Secondly, as I started to feel better, I took a role in a play. Steel Magnolias was one of the best things that ever happened to me. With a small cast of women (all of whom were more than twice my age), a dedicated crew, and a stellar script, it was a balm for my anxious mind. And then, at one of the shows, I met Mike Replogle. He approached me afterwards to congratulate me on my performance, thinking I was a local college student. When he discovered that I was still in high school (courtesy of some meddling by one of my castmates), he demanded to know why I wasn’t in his program. It turned out he was the director of the Musical Theatre and Actor’s Studio Academy program. Determined to return to school next year, my mother and I corresponded with Mr. Replogle, who helped me get pupil placed at Fairfax High School, where the academy was located.
Enter Repo (as we called him) and suddenly a vague, lifelong dream of being a performer was on the table for real. Repo’s professional experience and confidence in my abilities convinced my reluctant parents that I could actually make a living as an actress. I spent two years honing my skills at the academy, building close relationships with talented professionals-turned-teachers and like-minded students while finishing up my diploma. (And picked up a spot at the Professional Digital Photography academy while I was at it!) I graduated high school with honors, happier than I’d ever been and heading off to James Madison University to study my passion. I am indebted to Mr. Replogle more than I can say. He was my mentor, my friend, and my champion for two years while I built my new self after my injury, and I will never be able to thank him enough for it.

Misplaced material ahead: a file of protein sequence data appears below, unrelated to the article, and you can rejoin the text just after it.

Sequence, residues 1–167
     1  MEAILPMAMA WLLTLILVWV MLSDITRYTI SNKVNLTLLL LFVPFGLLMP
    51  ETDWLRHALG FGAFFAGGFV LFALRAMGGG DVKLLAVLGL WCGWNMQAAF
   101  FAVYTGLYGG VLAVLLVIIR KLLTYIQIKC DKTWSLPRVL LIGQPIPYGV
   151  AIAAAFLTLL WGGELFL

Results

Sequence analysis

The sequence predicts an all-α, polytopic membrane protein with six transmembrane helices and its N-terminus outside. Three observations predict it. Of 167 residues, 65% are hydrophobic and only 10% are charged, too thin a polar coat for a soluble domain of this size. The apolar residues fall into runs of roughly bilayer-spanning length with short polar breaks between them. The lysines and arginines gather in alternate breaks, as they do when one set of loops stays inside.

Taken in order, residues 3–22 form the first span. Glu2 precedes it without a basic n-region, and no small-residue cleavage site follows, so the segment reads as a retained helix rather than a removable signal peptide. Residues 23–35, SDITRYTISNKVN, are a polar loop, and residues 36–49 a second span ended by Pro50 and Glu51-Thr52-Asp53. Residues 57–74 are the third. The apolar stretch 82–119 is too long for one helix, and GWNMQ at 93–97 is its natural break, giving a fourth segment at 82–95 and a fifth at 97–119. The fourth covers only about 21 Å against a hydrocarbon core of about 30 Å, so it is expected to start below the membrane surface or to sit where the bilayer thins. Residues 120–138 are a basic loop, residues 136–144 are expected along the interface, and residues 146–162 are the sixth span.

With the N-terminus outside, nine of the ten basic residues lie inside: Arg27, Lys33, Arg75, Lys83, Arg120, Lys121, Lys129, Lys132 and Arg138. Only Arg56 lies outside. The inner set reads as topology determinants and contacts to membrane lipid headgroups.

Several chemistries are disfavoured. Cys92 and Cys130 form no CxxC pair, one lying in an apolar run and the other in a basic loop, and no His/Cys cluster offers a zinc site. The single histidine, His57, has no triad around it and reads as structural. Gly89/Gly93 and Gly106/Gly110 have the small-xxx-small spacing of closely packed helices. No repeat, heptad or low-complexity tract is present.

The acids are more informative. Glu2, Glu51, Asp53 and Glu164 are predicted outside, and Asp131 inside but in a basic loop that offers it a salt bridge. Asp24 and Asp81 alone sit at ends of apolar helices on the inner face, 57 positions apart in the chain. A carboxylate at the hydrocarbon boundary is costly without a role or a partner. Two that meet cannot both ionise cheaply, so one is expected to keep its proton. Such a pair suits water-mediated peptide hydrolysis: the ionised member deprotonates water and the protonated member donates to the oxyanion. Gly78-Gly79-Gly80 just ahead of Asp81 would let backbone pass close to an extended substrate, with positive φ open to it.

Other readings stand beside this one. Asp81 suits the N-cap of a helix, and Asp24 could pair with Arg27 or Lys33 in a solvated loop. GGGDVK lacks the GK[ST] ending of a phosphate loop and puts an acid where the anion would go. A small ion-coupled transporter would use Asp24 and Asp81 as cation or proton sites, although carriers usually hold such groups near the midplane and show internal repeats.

The changes in my confidence, personality, and relationship with my parents brought on by my injuries have vastly improved the quality of my life. If I was given the chance to do it over and avoid the months of pain, but potentially miss out on years of benefits, I’d take the injuries every time.